Unrestricted free agent defencemen to target
The Ottawa Senators biggest need to address in the offseason has to be finding a top four defenceman.
The Ottawa Senators have 19 players under contract among those that played in the playoffs for a total of $40.575 million in salaries (although the cap hit is $43.5 million). At $2.14 million per signed player, that currently ranks 30th out of 30 in the NHL for spending. Assuming the Senators re-sign Erik Condra, Daniel Alfredsson and Patrick Wiercioch for a total around $7M, Ottawa could round out the roster by keeping Andre Benoit as a seventh defenseman and sending in a team with a payroll under $50 million.
If the Senators do at least try to somewhat replace Sergei Gonchar's salary in their internal budget, who are some of the defenceman that can help improve a defence that ranked 29th in 2011-2012 and 23rd in 2013 in shots allowed per game? Erik Karlsson, Marc Methot and Chris Phillips are on one-way contracts and Jared Cowen is a lock to also play. Patrick Wiercioch has been tipped to take up Sergei Gonchar's spot on the power play, so he will likely play as well. That leaves Eric Gryba, who struggled as a rookie and really would not have been in the NHL had it not been for injuries to both Karlsson and Cowen. It is Gryba that the Senators should look to upgrade this offseason.
Realistically speaking, the Senators will not trade for Keith Yandle, Alex Pietrangelo, Kris Letang or Brent Burns. It is also difficult to know what second-tier defencemen might be available on the trade market, so let's a look a look at some of the unrestricted free agents.
#18 / Defenseman / Detroit Red Wings
Jun 04, 1984
Ian White had a disappointing season, finishing with just 4 points in 25 games for the Red Wings, ranking third among the club's defencemen in 5-on-5 ice time and facing the fifth easiest competition out of seven defencemen. Despite that and a 55% offensive zone start, White came out with roughly neutral possession numbers.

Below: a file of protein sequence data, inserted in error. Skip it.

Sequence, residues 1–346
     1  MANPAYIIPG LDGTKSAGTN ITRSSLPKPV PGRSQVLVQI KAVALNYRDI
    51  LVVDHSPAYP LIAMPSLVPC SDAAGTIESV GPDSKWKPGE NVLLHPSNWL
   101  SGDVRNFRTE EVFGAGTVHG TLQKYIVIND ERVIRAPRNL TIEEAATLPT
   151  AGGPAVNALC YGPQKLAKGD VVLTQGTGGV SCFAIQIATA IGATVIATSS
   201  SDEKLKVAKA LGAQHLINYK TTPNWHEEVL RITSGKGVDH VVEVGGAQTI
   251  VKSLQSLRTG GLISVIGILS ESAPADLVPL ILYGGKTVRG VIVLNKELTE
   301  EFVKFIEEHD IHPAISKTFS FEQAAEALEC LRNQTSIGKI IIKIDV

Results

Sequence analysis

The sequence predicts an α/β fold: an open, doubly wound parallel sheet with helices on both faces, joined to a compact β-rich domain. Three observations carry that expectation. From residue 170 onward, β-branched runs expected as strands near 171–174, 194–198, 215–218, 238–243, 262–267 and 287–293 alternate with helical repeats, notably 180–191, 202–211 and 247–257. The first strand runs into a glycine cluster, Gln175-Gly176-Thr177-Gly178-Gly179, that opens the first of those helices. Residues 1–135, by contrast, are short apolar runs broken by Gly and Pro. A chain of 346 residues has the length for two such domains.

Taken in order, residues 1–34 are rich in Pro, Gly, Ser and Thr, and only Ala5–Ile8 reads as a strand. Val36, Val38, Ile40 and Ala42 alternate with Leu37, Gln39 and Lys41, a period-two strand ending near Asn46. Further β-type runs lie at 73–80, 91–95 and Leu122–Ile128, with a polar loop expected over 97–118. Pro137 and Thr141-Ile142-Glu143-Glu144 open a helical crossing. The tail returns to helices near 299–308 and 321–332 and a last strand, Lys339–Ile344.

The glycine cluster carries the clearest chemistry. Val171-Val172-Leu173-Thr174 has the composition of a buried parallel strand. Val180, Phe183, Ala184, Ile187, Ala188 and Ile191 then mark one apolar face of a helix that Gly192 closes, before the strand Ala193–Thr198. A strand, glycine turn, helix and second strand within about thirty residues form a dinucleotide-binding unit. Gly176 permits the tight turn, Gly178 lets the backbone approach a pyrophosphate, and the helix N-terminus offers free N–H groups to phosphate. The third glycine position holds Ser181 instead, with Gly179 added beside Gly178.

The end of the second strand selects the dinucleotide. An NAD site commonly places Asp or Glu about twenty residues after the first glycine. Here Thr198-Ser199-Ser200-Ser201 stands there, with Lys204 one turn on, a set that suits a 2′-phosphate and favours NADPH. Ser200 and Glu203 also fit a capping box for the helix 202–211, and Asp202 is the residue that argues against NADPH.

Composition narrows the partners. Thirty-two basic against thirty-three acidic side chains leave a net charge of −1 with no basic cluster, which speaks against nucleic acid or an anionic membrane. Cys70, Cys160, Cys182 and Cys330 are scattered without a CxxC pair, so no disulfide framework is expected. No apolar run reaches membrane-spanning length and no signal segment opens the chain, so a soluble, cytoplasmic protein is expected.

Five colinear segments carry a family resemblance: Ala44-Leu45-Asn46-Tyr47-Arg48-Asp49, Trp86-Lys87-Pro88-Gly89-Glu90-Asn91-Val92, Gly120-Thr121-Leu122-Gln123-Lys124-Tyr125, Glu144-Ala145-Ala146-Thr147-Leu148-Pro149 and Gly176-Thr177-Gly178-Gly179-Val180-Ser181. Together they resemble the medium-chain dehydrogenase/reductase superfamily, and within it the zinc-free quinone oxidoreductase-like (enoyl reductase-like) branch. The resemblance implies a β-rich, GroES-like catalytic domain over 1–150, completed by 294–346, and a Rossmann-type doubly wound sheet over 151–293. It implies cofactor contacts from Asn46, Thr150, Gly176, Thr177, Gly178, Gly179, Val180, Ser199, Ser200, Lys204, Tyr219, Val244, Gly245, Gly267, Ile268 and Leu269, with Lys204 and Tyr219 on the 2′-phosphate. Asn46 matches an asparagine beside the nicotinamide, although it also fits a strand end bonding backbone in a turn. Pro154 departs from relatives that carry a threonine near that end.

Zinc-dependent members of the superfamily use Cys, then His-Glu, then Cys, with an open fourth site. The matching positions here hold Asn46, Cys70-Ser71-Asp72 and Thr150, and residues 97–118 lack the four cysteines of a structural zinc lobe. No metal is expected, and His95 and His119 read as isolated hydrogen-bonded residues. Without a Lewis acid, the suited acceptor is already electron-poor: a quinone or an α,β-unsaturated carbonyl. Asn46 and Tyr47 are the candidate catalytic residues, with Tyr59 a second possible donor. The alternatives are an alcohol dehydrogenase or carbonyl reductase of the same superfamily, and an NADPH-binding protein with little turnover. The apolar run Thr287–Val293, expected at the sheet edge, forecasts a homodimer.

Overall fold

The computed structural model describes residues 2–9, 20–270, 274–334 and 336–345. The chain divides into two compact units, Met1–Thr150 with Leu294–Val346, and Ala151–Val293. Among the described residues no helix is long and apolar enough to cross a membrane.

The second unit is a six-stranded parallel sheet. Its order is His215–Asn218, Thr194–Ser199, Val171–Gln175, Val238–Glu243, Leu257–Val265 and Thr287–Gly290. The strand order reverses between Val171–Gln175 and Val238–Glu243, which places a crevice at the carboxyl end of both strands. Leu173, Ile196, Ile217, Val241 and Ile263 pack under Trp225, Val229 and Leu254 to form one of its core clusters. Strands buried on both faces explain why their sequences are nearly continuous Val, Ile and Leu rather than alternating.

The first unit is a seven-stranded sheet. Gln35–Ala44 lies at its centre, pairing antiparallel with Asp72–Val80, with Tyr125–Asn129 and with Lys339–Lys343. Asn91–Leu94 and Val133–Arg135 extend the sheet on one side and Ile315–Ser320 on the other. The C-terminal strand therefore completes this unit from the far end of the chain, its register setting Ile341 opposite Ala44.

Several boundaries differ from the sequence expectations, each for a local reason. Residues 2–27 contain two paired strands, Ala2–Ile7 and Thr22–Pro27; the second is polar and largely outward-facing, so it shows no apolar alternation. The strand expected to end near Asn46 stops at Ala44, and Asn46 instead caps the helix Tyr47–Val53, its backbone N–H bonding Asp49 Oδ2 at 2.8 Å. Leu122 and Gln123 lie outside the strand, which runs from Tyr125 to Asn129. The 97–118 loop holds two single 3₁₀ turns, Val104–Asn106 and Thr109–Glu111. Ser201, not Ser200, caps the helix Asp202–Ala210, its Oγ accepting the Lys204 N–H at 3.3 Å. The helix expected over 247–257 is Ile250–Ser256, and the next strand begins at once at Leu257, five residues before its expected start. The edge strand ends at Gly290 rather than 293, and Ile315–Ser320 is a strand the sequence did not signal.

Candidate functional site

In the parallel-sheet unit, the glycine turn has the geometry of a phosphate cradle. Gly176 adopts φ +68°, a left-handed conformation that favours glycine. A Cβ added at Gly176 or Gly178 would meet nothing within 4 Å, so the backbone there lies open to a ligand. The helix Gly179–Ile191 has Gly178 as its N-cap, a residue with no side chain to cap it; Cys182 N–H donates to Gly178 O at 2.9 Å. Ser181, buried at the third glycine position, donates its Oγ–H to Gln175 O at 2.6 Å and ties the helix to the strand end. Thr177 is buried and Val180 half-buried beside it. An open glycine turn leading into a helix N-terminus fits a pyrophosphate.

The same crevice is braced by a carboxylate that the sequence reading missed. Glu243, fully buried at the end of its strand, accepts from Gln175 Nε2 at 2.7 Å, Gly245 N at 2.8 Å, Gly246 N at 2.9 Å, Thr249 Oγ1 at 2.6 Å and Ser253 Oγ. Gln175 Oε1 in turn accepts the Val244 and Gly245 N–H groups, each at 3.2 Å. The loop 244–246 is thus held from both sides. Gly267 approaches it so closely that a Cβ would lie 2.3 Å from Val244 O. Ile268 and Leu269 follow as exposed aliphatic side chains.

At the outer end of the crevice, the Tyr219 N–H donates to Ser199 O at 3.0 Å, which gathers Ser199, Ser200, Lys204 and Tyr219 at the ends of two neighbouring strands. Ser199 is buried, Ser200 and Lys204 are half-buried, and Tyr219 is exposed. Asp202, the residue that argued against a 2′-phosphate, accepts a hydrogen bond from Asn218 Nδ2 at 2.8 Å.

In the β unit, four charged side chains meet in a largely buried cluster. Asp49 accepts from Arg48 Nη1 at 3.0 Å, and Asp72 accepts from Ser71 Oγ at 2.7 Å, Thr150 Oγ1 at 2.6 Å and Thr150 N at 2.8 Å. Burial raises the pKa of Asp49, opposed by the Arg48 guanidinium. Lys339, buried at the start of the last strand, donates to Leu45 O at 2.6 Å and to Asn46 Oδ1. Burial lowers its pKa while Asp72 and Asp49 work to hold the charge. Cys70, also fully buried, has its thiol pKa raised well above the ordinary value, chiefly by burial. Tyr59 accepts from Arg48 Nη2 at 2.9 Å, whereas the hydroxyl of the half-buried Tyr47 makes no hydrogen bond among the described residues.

However, in 2011-2012 he faced the second toughest competition on the club behind his partner Nicklas Lidstorm. Again he started 57% of the time in the offensive zone but came out with a Corsi Relative of +5.7 despite the tough competition faced. He also tallied 32 points in 77 games but playing with Nicklas Lidstrom obviously helps a little bit though right?
In 2010-2011, White played on three different teams (Calgary, Carolina, San Jose) and without Lidstrom, faced pretty easy competition and came out slightly positive in the possession numbers with a 49% offensive zone start.
White wasn't been used on the penalty kill this season but has averaged about a minute a game in previous seasons. Ideally, the Senators would want to keep Karlsson off the penalty kill and Wiercioch would not kill penalties either. The new addition should be able to handle some second unit minutes on the penalty kill. While White hasn't been used in this role, it doesn't necessarily mean he isn't capable of handling these minutes. His contract with the Red Wings was for 2-years $5.75 million in total at an average of $2.875 million per year.
#24 / Defenseman / Winnipeg Jets
Apr 14, 1985
Grant Clitsome is a good kid from Ottawa, Ontario (*thumbs up*) and is friends with Methot. He spent the last season with the Winnipeg Jets and had simple stats of 16 points in 44 games. On the fancy stats side, he faced the fifth easiest competition out of eight defencemen, had an offensive zone start of 49% and had a slightly above average Corsi Relative of +2.3. His most common partner was Dustin Byfuglien and he played 1:27 per game of shorthanded time and just over 16 minutes overall.
In 2011-2012, he had similar fancy stats and had 17 points in 63 games split between Columbus and Winnipeg. His usage and performance would imply that he is more suited to a third pairing partnership with Chris Phillips. That wouldn't necessarily be horrible and it shouldn't take too much to get him with Clitsome making just over $1 million in the past season.